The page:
Posts Tagged

Colombia

On Aug. 29, 2016, the Colombian government and the leftist insurgent group FARC initiated a cease-fire. The two parties had reached a remarkable peace accord a few days earlier, hoping to end 52 years of civil war. Colombian President Juan Manuel Santos announced that the peace deal will be formally signed Sept. 26, which would trigger the 180-day demobilization of the FARC. Colombia’s armed conflict, the longest-running in recent global history, left more than 220,000 people dead and about 6.7 million displaced within the region. The cease-fire formalizes the end of combat activities between state forces and the FARC, formally known as the Revolutionary Armed Forces of Colombia — and all hostilities against civilians. After decades of brutal violence and several failed peace processes, this …

The groundbreaking news reached me when I was in Bogotá in a meeting with the head of the Colombian Army: after more than 50 years of armed conflict, and four years of negotiations, the Colombian government and the leftist guerrilla group, the FARC, have reached a final peace agreement. The historic deal looks set to bring to an end the longest running war of recent history. The agreement is cause for huge celebration, but an official end to war with the FARC is only the start of the road to peace. Securing sustainable peace needs a balance of addressing the immediate security risks during the period of transition, as well as anticipating the long-term challenges that may emerge. ‘Yes’ or …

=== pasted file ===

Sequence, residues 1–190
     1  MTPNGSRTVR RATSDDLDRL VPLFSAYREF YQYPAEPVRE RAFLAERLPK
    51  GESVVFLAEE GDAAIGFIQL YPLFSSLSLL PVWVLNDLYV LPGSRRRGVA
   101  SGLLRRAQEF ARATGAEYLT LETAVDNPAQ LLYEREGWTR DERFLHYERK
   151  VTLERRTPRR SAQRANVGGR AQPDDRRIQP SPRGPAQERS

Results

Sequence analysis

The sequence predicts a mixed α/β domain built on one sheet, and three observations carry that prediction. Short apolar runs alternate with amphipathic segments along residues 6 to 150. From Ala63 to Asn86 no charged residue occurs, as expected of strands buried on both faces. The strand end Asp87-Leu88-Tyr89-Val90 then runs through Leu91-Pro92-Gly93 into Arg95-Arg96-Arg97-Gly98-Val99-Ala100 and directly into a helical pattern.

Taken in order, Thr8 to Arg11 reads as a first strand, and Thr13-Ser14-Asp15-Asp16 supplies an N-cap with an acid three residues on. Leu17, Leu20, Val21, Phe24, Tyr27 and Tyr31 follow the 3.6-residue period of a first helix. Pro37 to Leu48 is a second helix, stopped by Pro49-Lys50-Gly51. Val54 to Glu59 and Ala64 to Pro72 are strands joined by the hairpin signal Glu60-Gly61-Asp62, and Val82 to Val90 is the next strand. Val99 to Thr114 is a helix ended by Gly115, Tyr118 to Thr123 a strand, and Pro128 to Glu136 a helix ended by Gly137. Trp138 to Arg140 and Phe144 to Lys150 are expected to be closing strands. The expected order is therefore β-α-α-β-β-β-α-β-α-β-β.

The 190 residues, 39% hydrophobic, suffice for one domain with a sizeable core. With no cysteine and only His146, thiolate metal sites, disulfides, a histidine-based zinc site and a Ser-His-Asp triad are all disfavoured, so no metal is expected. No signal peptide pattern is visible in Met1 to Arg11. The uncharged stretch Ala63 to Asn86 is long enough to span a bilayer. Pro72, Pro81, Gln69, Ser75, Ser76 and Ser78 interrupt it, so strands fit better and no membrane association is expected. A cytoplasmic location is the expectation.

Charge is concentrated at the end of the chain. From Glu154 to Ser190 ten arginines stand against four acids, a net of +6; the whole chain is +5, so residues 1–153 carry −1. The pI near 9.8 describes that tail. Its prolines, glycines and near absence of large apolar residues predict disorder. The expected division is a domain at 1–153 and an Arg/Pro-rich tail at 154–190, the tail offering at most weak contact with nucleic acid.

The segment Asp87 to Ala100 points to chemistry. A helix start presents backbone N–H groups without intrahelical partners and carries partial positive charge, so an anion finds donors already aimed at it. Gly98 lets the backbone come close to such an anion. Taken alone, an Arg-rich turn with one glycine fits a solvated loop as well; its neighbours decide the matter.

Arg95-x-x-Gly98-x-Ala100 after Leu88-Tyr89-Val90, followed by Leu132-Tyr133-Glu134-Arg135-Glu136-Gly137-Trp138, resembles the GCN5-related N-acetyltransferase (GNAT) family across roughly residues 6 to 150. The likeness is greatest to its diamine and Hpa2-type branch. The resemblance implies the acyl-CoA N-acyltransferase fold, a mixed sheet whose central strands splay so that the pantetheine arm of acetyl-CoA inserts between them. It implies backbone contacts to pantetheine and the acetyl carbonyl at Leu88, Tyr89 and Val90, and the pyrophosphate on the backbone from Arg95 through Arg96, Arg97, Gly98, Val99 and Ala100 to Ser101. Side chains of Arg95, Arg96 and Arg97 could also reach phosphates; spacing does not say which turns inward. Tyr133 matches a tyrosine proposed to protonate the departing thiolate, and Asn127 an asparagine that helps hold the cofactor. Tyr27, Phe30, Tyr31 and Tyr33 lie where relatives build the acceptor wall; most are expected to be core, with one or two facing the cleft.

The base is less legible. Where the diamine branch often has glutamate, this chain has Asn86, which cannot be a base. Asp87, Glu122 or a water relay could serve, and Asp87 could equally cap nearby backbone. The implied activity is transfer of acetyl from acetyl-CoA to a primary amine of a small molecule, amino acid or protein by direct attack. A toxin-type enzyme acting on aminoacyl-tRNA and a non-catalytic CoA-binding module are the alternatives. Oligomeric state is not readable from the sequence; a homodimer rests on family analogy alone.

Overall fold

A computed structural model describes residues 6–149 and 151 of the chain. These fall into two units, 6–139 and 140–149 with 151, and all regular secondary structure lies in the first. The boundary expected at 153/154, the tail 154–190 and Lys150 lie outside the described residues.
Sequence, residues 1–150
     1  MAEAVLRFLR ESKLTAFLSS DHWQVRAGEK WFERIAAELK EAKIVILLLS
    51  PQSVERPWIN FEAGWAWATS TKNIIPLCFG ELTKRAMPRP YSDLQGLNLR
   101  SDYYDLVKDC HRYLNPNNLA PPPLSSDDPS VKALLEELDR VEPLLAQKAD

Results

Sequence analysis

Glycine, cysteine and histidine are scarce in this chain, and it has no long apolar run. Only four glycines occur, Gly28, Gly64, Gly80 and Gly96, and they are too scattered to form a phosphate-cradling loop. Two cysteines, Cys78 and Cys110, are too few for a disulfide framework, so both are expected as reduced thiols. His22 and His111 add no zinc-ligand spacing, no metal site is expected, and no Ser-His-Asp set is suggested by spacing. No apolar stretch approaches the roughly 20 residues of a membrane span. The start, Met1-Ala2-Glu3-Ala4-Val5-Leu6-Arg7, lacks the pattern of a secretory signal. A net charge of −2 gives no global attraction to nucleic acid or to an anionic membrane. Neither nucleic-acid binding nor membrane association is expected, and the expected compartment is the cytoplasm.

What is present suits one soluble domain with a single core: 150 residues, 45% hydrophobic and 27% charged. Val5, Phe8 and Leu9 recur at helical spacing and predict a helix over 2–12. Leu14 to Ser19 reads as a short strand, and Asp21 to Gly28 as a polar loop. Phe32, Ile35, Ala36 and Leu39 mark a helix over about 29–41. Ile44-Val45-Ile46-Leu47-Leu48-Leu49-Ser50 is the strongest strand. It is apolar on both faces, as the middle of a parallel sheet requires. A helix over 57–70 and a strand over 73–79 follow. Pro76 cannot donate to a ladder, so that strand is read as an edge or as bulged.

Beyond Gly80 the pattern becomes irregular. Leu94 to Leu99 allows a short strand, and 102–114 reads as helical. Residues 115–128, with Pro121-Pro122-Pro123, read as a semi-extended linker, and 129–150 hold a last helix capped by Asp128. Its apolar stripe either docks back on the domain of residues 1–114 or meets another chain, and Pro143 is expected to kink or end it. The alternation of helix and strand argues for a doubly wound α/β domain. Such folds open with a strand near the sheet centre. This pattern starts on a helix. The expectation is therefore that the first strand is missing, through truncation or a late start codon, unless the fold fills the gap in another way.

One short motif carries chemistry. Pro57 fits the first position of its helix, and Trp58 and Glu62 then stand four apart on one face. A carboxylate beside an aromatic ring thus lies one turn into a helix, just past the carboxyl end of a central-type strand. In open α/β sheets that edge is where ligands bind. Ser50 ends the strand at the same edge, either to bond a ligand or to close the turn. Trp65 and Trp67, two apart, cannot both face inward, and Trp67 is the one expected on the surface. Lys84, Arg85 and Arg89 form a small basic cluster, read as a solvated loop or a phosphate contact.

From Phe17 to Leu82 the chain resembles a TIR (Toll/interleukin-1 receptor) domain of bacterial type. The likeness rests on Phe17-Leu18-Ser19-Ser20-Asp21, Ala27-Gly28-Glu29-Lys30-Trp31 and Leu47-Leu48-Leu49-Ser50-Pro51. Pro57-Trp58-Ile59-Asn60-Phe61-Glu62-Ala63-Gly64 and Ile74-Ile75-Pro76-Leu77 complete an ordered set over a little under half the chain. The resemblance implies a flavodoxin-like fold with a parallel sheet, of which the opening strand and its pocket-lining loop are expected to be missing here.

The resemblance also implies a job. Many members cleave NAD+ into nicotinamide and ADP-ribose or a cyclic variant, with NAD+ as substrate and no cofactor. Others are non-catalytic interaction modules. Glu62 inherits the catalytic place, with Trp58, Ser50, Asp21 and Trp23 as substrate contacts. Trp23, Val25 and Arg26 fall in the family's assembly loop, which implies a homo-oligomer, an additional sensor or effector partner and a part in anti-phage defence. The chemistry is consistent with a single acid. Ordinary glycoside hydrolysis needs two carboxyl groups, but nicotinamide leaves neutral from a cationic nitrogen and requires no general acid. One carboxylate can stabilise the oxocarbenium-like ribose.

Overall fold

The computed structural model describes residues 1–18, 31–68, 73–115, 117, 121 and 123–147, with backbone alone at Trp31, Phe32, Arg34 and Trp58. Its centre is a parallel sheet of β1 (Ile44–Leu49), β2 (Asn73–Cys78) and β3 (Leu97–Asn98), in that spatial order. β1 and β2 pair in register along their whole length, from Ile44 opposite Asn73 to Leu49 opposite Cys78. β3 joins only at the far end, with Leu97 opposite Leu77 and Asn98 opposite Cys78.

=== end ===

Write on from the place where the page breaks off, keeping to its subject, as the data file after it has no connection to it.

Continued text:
The “how” and the “when” of Colombia’s latest peace breakthrough are of course important — but so is the “where” and “with whom.” On June 23, the Colombian government and the Revolutionary Armed Forces of Colombia-People’s Army (FARC) signed a bilateral ceasefire agreement, after more than five decades of armed conflict. For Colombia’s peace process to succeed, it will need to break the cycle of conflict, organized crime and state neglect in Colombia’s border regions. The agreement stipulates that the FARC lay down its weapons within 180 days of a final peace deal, which has a July target date. The disarmament will take place in 23 specific “normalization zones” and eight camps, all of which cease to exist after these 180 days. The …